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The Germanwatch Global Climate Risk Index is an analysis based on one of the most reliable data sets available on the impacts of extreme weather events and associated socio-economic data, the MunichRe NatCatSERVICE.
The Global Climate Risk Index indicates a level of exposure and vulnerability to extreme weather events, which countries should understand as warnings in order to be prepared for more frequent and/or more severe events in the future. The index focuses on extreme weather events such as storms, floods and heat waves but does not take into account important slow-onset processes such as rising sea levels, glacier melting or ocean warming and acidification. It is based on past data and is not be used as a basis for a linear projection of future climate impacts, etc. The index analyses and ranks to what extent countries and regions have been affected by impacts of climate-related extreme weather events, their level of exposure and vulnerability.
The Climate Risk Index (CRI) report 2021 is the 16th edition of the annual report and has taken into account the data available from 2000 to 2019. Data from 180 countries were analyzed. The key findings of the report are as under:
- Storms and their direct implications i.e. precipitation, floods and landslides, were one major cause of losses and damages in 2019. Of the ten most affected countries in 2019, six were hit by tropical cyclones.
- Developing countries are particularly affected by the impacts of climate change. They are hit hardest because they are more vulnerable to the damaging effects of a hazard but have lower coping capacity. Eight out of the ten countries most affected by the quantified impacts of extreme weather events in 2019 belong to the low- to lower-middle income category. Half of them are Least Developed Countries.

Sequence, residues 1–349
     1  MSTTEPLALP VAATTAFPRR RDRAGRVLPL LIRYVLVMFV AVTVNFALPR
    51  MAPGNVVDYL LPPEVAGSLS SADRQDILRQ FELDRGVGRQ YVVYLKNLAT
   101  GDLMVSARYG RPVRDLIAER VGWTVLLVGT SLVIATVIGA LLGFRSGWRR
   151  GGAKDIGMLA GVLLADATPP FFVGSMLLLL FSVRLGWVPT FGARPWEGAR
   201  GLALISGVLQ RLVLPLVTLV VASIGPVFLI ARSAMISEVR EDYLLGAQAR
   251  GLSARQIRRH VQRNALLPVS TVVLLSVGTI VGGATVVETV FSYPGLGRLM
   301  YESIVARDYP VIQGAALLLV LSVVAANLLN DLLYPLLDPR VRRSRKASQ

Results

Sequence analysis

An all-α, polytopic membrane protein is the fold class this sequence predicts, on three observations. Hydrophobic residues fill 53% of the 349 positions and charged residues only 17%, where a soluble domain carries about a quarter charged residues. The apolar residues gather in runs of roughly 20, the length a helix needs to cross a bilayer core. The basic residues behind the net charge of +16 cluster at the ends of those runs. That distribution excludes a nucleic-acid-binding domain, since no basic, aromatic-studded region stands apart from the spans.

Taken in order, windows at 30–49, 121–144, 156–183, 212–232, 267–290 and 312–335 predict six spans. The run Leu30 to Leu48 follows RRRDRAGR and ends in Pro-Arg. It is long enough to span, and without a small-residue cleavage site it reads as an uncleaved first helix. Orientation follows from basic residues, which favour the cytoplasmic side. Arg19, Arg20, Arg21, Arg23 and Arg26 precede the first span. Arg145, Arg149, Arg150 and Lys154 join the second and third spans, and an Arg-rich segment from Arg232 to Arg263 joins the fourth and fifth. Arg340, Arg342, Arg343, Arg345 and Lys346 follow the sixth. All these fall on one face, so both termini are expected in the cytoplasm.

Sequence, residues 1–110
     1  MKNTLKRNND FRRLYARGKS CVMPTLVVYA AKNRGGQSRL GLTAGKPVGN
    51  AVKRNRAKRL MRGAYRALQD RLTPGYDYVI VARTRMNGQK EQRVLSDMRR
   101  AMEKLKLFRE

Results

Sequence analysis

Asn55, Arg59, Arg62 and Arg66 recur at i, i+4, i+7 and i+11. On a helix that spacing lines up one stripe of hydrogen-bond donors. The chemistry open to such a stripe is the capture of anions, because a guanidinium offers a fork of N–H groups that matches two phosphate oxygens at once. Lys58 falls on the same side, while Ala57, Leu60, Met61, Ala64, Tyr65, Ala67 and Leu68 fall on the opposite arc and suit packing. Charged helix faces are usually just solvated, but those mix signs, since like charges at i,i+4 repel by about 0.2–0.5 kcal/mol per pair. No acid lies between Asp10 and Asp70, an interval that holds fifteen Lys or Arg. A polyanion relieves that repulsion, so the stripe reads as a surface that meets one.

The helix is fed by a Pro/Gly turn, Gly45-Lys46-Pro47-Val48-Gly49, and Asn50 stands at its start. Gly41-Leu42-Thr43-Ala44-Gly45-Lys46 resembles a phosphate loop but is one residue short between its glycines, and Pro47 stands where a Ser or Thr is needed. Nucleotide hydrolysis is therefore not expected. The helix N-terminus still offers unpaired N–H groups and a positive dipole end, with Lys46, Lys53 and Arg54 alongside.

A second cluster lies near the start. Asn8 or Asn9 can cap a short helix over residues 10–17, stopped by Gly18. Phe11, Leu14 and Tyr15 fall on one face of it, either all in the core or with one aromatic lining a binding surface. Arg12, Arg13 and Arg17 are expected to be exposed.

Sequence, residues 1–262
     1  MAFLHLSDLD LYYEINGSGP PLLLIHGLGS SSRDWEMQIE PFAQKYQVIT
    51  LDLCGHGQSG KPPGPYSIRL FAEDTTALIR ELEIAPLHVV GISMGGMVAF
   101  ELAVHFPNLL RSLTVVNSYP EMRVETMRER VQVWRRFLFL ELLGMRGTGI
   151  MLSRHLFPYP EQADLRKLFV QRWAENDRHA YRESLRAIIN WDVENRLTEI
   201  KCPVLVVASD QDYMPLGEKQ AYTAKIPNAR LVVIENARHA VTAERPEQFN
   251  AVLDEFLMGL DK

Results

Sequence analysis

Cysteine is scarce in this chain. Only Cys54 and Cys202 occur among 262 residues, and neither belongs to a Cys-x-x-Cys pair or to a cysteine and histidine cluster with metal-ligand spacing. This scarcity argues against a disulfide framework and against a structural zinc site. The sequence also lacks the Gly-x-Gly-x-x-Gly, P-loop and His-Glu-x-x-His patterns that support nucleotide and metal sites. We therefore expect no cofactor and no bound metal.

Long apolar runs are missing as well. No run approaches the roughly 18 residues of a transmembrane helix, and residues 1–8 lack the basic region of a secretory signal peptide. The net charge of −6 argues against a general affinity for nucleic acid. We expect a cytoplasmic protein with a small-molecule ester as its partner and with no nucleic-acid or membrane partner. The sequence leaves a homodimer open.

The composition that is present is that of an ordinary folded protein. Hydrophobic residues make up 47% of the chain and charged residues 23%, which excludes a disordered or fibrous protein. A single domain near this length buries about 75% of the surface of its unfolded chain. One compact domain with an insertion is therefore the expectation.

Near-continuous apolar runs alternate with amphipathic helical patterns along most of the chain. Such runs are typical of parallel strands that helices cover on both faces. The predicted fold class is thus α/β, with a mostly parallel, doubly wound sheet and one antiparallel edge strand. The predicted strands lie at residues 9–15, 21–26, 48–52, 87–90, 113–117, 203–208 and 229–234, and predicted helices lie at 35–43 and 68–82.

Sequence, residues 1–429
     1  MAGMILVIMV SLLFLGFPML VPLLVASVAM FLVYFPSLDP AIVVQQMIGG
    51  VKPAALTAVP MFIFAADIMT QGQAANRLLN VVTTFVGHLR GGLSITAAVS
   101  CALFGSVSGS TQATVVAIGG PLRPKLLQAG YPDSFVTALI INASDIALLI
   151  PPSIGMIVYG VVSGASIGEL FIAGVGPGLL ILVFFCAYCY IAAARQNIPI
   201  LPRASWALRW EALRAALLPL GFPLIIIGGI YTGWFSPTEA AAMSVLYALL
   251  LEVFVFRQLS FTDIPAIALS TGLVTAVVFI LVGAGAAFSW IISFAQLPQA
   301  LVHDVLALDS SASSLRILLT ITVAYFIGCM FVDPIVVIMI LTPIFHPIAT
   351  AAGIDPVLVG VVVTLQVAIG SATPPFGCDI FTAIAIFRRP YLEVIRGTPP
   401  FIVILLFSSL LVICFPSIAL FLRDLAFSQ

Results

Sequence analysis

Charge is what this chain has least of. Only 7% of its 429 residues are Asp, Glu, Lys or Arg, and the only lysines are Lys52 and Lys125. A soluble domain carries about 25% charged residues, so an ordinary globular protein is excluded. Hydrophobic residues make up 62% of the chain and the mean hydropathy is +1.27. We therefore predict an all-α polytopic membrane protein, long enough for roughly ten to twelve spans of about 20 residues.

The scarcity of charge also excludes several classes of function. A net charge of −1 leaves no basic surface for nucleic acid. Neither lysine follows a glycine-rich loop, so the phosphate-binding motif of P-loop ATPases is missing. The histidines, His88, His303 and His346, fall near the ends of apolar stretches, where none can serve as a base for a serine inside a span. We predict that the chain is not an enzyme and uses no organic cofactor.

- Mozambique, Zimbabwe and the Bahamas were the most affected countries by the impacts of extreme weather events in 2019, followed by Japan, Malawi and the Islamic Republic of Afghanistan.
- India ranked as the seventh worst-hit country in terms of climate change in 2019. In 2019, the monsoon conditions continued for a month longer than usual, with the surplus of rain causing major hardship. The floods caused by the heavy rains were responsible for deaths across 14 states in India and led to the displacement of 1.8 million people. Furthermore, with a total of eight tropical cyclones, the year 2019 was one of the most active Northern Indian Ocean cyclone seasons on record. Six of the eight cyclones intensified to become “very severe”. The worst was Cyclone Fani in May 2019 which caused widespread devastation.
- Altogether, between 2000 and 2019, over 475 000 people lost their lives as a direct result of more than 11,000 extreme weather events globally and losses amounted to around US$ 2.56 trillion (in purchasing power parities).
- The global COVID-19 pandemic has reiterated the fact that both risks and vulnerability are systemic and interconnected. It is therefore important to strengthen the resilience of the most vulnerable against different types of risk (climatic, geophysical, economic or health-related).
- Signs of escalating climate change can no longer be ignored on any continent or in any region.
- Effective climate change mitigation and adaptation is required to prevent or minimize potential damage in the self-interest of all countries worldwide.
The Climate Risk Index (CRI) can help to assess the vulnerability of the county to extreme climatic events. It can help countries to understand the patterns of climatic events and develop proper warning systems and management practices in order to be prepared for more frequent and/or more severe climatic events in the future. It can also help investors to assess the risks to their investments in countries due to climatic events.
– Dr. Anuradha Bajpayee,
Senior Manager (Env), CO
Germanwatch. Jan. 2021. GLOBAL CLIMATE RISK INDEX 2021: Who Suffers Most from Extreme Weather Events? Weather-Related Loss Events in 2019 and 2000-2019.
Earth Observatory. 2019. Unusual Monsoon Season Causes Flooding in India. Available at https://earthobservatory.nasa.gov/images/145703/unusual-monsoon-season-causes-flooding-in-india
The Weather Company. 2020. Throwback to a Stormy Year: A Look at the 8 North Indian Ocean Cyclones of 2019. Available at https://weather.com/en-IN/india/news/news/2020-01-03-stormy-year-8- north-indian-ocean-cyclones-2019.